Endigar 804

From Courage to Change of March 12;

What does another person’s mood, tone of voice, or state of inebriation have to do with my course of action. Nothing, unless I decide otherwise.

For example, I have learned that arguing with someone who is intoxicated is like beating my head against a brick wall. Yet, until recently, I would always dive right into the arguments, because that was what the other person seemed to want. In Al-Anon I discovered that I don’t have to react just because I have been provoked, and I don’t have to take harsh words to heart. I can remember that they are coming from someone who may be  in pain , and try to show a little compassion. I certainly don’t have to allow them to provoke me into doing anything I don’t want to do.

Today’s Reminder

Detachment with love means that I stop depending upon what others do, say, or feel to determine my own well-being or to make my decisions. When faced with other people’s destructive attitudes and behavior,  I can  love their best, and never fear their worst.

“. . .  Detachment is not caring less, it’s caring more for my own serenity.” ~ . . . In All Our Affairs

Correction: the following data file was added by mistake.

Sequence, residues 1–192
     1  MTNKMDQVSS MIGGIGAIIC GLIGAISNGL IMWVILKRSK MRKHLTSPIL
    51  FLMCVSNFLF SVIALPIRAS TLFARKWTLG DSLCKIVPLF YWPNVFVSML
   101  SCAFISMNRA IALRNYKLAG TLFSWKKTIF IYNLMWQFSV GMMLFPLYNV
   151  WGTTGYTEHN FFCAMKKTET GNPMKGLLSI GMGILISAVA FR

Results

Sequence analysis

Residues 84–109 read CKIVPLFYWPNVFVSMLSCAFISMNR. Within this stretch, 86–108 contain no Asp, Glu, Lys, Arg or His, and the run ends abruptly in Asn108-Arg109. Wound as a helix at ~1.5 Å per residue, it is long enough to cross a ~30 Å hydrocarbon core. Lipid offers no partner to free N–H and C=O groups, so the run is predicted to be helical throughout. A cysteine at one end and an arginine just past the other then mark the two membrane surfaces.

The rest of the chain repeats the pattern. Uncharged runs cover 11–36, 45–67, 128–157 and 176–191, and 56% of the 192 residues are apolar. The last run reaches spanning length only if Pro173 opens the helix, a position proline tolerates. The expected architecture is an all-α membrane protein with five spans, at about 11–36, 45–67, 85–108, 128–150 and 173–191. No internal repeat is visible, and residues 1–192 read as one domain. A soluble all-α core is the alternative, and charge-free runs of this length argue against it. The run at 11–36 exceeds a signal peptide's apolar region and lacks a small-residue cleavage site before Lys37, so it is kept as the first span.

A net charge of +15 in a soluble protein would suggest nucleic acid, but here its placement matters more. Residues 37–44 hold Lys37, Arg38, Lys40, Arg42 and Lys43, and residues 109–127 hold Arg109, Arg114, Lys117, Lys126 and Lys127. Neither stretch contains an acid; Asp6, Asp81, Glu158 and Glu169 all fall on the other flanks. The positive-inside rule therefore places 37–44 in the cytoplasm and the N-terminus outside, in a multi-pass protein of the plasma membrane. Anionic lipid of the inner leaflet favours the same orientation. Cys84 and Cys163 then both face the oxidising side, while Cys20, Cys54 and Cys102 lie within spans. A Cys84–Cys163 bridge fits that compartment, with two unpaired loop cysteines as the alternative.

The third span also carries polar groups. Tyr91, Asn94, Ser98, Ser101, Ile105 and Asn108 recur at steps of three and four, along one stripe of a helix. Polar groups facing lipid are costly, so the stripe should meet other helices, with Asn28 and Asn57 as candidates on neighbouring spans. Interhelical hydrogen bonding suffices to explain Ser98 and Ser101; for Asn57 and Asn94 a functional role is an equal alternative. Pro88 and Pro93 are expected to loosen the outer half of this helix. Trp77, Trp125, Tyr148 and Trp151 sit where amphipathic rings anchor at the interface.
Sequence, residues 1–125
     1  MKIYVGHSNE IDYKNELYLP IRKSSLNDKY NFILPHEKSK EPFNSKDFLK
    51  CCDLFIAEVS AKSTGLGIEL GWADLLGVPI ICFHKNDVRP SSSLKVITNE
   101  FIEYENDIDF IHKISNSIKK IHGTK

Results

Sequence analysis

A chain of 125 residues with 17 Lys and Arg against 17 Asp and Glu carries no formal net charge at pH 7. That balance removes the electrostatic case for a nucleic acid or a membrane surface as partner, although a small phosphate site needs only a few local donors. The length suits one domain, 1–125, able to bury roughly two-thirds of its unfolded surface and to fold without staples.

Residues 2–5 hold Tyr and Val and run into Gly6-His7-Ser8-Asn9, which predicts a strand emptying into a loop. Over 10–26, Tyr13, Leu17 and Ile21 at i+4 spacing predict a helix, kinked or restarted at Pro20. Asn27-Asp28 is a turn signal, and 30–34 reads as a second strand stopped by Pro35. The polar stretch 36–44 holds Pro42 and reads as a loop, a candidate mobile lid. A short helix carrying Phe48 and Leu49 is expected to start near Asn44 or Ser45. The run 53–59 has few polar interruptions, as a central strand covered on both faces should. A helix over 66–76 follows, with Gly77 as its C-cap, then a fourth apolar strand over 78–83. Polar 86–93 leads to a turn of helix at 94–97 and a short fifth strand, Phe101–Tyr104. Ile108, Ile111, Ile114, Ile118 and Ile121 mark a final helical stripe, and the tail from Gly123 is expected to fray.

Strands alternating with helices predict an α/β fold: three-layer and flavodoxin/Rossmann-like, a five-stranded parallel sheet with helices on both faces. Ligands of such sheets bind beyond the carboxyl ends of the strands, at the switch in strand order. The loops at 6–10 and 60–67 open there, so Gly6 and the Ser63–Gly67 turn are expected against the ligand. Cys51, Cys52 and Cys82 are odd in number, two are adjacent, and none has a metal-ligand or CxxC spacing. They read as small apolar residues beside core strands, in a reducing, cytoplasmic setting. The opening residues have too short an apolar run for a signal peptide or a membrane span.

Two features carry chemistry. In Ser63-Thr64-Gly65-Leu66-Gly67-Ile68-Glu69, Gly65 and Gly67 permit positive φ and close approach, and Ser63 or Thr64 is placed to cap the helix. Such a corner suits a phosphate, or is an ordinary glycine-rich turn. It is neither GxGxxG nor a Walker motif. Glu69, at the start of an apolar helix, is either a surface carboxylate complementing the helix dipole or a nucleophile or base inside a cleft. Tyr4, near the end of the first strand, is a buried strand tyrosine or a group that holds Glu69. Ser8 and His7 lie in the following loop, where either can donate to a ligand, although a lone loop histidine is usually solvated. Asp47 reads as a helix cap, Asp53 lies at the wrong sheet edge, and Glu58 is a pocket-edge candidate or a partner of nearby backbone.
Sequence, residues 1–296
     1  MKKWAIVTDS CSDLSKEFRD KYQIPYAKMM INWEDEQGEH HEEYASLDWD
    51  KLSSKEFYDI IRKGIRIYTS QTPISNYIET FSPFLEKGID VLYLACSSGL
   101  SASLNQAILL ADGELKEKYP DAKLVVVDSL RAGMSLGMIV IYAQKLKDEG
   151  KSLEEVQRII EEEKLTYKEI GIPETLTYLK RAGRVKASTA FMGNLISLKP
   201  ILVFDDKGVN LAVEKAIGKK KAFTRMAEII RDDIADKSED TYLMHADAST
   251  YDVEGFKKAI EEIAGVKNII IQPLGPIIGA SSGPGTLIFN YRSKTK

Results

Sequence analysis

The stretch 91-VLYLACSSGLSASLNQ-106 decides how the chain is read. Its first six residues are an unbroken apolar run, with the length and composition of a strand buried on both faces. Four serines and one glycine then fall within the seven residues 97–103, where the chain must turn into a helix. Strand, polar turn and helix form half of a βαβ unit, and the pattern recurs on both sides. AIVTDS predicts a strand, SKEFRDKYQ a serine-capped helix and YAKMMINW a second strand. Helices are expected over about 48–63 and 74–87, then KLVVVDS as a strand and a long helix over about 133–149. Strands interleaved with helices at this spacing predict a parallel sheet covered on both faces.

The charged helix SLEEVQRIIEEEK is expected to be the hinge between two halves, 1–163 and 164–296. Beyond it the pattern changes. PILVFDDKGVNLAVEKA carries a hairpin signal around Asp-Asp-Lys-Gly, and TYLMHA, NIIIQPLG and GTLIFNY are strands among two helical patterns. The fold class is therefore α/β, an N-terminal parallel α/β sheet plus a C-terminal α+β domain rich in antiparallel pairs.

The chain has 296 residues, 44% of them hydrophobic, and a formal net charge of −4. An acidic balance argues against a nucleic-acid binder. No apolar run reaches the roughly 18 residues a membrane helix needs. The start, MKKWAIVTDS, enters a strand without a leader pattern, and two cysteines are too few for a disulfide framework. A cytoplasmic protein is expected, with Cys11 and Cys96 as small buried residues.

END OF QUOTE—————————————

The paradigm that has helped me the most with compassionate detachment is to see the one I love in an intimate relationship with their anti-self. The goal of this anti-self is to isolate and destroy the individual it has latched onto. When this anti-self takes front and center to engage me, I pull detachment out of my spiritual toolkit and focus on my own serenity which is the ultimate manifestation of the strength of my faith. When the ones I love regain sanity enough to receive it, I have compassion awaiting. In this way, I honor their free will and my own. Al-Anon provides a network of others who are familiar with this struggle.

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